During the meeting, the man opened the van door, and pulled out the painting, which he had wrapped in a mover’s quilt. Hill said he seemed to use a bit of “stage drama as he unwrapped it.” The man never mentioned the reward, but Hill said she had brought it anyway.

“I pressed it into his hands. He never looked at it,” she said. “But I haven’t gotten any calls saying it wasn’t enough.”

Stolen oil painting: Recovered! Image: Stolen 911
Stolen oil painting: Recovered! Image: Stolen 911

She said she plans to have the painting restored but, for now, it’s sitting propped up on her couch.

“I’m not eager to do that,” she said. “I’m going to keep it with me for awhile. I just like having it here.”

Hill said she’s sure her mother would be happy, now, to know how the saga had turned out. Two people had even suggested separately to her that, perhaps, her mother might have had something to do with the painting’s return.

“I’ve been giving this some thought,” one sister wrote Hill in an email, “and I decided mother did it.” Said a friend: “I think your mother pulled some strings.”

Added Hill: “And, who knows? It could be true!”

After getting home from the meeting with the Marin County man, one of the first things Hill did was to go online and mark the painting, on its Stolen 911 listing, as having been recovered. Hinch, who runs Stolen 911, saw the update, and got in touch with Hill on Friday last week to see if he could come over to see the painting and meet her in person.

Hill: “If it weren’t for Stolen 911, I wouldn’t have gotten this painting back”

Hinch said Monday that, though his site has helped recover many items over the years, all over the country, this was one of the first notable items recovered locally, which he said he found “pretty cool.” In addition, Hill’s oil painting was among the more unique items recovered through the site. Often, people post about dogs, laptops, iPods or musical instruments.

“This was the first big one so close to me, and the first real piece of art,” he said. (The site has nearly 20 pieces of art listed, and Hinch said he plans to write the other users to let them know of Hill’s success.)

Hinch said the goal of Stolen 911 is to create what he calls an “internet fingerprint” — so that a simple web search will lead to the true owner if something has been stolen. It’s free to post on the site, and Hinch said it can help give people who have been violated a way to feel like there’s something they can do to help recover their property. It doesn’t happen all the time, but Hinch often makes connections with posters who reach out to him for help or advice.

He oversees the project in his spare time, though he also sometimes uses it to help with his cases. Recently, he posted a warrant on the site, and was able to spread the word about the warrant on social media. After the suspect was located — via a tip related to the Stolen 911 post — he took down the warrant to maintain the integrity of the investigation.

Hinch noted that there are an increasing number of sites that seek to use the power of the internet and social media to help recover stolen items, such as Bike Index, a nationwide, centralized bike registry that makes it much easier to find out if a bicycle has been stolen, at least for those who are willing to make the effort to investigate prior to purchase.

Hinch said he wasn’t surprised it took seven months to get the painting back to Hill. He said it likely changed hands multiple times before it came into the possession of the Marin County man. It may initially have been stolen by someone who saw the large box and thought it might be a bicycle or a flatscreen television.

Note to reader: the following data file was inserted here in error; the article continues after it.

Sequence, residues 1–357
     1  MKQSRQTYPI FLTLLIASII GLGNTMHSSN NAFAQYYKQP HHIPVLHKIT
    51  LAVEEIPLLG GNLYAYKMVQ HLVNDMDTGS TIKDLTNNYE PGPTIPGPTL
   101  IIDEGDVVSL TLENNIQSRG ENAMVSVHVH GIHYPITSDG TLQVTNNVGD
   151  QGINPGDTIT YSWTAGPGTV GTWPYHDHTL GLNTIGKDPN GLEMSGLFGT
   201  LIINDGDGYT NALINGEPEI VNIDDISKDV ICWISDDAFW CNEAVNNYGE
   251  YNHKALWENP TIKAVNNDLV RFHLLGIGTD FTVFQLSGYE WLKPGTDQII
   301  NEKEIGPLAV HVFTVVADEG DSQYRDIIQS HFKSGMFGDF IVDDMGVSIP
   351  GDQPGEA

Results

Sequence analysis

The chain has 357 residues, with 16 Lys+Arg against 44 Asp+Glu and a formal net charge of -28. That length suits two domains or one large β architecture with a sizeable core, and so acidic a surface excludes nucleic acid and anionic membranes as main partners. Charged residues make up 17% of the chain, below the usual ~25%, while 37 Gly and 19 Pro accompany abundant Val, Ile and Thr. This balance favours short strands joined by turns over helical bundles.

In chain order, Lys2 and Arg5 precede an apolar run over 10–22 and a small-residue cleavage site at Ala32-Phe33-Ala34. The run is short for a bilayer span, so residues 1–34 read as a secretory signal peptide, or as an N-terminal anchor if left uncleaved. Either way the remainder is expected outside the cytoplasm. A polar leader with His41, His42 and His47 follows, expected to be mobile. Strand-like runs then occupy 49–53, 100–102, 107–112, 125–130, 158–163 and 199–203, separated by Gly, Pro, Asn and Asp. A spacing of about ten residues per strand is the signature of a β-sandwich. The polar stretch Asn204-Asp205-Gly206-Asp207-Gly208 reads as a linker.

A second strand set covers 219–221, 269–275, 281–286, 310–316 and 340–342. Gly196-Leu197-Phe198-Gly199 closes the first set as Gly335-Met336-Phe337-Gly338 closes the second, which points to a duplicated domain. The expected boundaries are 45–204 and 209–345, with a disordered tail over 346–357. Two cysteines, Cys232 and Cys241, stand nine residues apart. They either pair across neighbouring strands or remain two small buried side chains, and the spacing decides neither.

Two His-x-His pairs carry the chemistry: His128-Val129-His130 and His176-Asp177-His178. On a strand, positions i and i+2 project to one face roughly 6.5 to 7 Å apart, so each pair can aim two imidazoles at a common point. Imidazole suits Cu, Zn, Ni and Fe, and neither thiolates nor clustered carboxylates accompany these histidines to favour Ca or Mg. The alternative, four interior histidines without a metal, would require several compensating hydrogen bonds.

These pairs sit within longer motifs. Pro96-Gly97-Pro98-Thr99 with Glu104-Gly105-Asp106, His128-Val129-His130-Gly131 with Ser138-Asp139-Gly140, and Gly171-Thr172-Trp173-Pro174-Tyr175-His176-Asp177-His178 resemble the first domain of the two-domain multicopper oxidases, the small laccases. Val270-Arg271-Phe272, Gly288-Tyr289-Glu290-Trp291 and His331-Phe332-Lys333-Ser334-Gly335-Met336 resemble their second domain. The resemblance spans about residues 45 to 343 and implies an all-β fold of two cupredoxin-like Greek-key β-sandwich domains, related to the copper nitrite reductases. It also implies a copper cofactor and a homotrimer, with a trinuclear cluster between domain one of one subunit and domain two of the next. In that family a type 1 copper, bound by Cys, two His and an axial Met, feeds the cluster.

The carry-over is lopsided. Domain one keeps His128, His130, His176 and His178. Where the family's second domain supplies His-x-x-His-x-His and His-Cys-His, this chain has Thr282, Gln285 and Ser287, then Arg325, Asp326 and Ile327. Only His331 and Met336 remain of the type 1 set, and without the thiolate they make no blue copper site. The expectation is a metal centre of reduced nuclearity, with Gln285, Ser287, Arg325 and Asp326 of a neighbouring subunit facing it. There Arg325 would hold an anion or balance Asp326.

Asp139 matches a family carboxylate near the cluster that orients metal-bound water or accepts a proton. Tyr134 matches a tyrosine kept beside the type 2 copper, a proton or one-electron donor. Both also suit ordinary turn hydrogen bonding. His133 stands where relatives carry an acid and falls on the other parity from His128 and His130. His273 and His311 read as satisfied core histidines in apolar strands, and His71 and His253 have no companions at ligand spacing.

With any stolen item of significance, he said, “eventually someone legit wants it: a shop, an antique store. Someone’s going to research it, and hopefully someone’s going to do the right thing. Seven months is a good timeframe for it to have gone through its various channels.”

Hinch said people meeting with strangers to recover stolen property should always use caution: to meet in a public place, preferably in daylight. The parking lot of a police department is one place he recommends. Bring someone with you and “remember there are some people out there who take advantage of the whole reward thing,” he said.

Berkeley Police Officer Byron White, a department spokesman, said the oil painting case remains open, and investigators hope to determine who stole it. He said it can be “a real challenge for law enforcement” to track down stolen mail and other packages, a crime that is particularly common around the holidays.

White said local residents may want to consider having packages delivered to a secure location, such as a locking mailbox, P.O. box or private mailbox. The workplace can also be an effective option.

“To hear a story like this is really quite wonderful,” said White, of the painting recovery. “It really speaks to the power of social media in this information age. It’s great that people can take the photograph they have of their stolen item and put it online where other people can view it.”

Hill said, without Stolen 911, she does not believe she would ever have gotten the painting back.

“I’m sure I wouldn’t have,” she said. The website was easy to use, and also created the trail online used by the Marin County man to find her.

“It’s not vigilante,” she said, “but it is people taking things into their own hands to fill the gaps.”

UC Berkeley police lay ‘bait’ for bike thieves on campus (07.23.15)
Berkeley police hope bike registry will deter thieves (07.09.15)

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Emilie Raguso (former senior editor, news) joined Berkeleyside in 2012 and covered politics, public safety and development until her departure in 2022. In 2017, Emilie was named Journalist of the Year...